By David J. Skorton, Special to CNN
Editor’s note: David J. Skorton is president of Cornell University and professor in the Departments of Medicine and Pediatrics at Weill Cornell Medical College and in Biomedical Engineering at Cornell’s College of Engineering. A former president of the University of Iowa, he is a board-certified cardiologist, past chair of the Business-Higher Education Forum and life member of the Council on Foreign Relations.
(CNN) - As college admissions notifications go out over the next several weeks, there is no doubt that the cost of college is a growing concern. Students and families are trying to figure out how to get the most out of the college experience and the best value for their investment.
The interactive College Scorecard that President Barack Obama announced in his 2013 State of the Union Address provides the average “net price” of attendance - that is, tuition minus the average amount of financial aid. (As the scorecard notes, it is important to get more specific cost information by using the financial aid calculator on each college’s website.)
Promised, but not yet available in the scorecard, is a summary of the kinds of jobs that students find once they graduate and how much they earn. This information may be of limited utility, however, because, as Harvard President Drew Faust has pointed out, the value of a college degree should not be judged solely on the first job acquired, but it should be “a passport to a lifetime of citizenship, opportunity, growth and change.”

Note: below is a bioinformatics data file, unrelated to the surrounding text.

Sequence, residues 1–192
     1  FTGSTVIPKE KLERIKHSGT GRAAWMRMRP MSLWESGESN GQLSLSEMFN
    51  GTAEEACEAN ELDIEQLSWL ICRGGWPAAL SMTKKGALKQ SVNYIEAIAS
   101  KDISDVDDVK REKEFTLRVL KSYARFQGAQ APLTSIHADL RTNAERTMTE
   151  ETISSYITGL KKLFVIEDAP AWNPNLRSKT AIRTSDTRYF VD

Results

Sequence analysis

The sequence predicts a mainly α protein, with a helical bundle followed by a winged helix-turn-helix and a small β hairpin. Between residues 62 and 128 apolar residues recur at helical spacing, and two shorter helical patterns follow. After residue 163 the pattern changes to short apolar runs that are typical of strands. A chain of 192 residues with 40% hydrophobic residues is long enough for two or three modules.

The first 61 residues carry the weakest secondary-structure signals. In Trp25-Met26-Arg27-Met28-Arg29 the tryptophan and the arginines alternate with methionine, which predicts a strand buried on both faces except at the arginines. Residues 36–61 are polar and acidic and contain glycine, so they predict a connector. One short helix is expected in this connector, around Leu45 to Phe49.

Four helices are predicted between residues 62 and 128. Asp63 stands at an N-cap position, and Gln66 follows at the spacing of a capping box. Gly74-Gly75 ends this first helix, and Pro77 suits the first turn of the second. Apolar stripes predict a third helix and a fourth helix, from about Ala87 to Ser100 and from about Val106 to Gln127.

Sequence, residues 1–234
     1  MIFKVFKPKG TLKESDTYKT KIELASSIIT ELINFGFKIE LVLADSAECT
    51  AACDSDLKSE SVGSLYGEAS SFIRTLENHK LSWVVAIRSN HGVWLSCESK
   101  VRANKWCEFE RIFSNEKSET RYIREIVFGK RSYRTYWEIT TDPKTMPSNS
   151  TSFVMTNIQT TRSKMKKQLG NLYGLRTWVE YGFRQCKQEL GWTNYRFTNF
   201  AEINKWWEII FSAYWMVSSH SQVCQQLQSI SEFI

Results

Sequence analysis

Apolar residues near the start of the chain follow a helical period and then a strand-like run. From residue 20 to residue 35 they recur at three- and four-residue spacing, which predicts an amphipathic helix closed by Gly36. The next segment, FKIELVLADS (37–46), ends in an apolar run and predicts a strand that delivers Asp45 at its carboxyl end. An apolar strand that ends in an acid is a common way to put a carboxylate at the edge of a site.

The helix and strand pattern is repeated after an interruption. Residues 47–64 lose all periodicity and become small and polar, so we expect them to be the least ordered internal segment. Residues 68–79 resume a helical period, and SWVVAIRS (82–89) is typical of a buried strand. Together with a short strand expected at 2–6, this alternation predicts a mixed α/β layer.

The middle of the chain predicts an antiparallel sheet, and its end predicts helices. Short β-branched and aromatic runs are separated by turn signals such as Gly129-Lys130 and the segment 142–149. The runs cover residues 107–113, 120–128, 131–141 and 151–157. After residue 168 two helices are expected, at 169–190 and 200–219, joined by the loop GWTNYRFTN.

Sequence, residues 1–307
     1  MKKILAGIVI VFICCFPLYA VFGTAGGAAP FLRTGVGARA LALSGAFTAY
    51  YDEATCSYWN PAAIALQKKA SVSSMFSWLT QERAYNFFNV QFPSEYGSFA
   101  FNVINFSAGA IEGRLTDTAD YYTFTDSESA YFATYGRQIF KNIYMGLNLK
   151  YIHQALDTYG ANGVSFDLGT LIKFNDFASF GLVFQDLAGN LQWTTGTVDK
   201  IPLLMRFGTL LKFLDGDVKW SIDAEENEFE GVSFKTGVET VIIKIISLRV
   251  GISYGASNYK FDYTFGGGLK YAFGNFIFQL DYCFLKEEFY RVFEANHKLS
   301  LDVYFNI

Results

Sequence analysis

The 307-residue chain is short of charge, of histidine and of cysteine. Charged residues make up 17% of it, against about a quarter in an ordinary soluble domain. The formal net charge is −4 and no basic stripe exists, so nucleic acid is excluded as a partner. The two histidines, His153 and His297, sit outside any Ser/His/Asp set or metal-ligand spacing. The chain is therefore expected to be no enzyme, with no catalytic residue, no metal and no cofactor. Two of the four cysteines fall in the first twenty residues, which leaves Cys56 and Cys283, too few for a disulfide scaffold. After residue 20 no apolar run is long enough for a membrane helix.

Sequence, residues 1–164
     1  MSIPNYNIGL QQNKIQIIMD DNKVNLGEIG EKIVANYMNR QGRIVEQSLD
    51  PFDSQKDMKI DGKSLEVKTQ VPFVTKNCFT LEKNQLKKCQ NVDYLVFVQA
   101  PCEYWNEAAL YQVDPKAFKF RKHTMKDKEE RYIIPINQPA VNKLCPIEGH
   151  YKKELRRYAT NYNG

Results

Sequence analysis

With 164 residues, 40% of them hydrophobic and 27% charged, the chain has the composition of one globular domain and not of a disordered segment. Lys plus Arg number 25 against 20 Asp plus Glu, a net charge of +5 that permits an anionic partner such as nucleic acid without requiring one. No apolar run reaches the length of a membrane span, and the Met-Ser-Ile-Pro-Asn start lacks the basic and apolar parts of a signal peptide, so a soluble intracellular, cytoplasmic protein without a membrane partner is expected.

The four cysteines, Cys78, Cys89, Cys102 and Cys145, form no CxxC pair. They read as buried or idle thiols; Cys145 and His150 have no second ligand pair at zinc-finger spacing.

How can students and families navigate these confusing and ever-changing waters? As a university president whose institution received nearly 40,000 applications for admission this year, as someone who is responsible to see the big picture - and as someone who has been through the college selection process with members of my own family - I know that a substantial part of college choice must belong to the student. It must encompass facts, but also the “feel” of the college and the fit with the student’s background, personality and interests.
So, students, here are some things, beyond the College Scorecard, to consider in deciding which colleges provide value for you.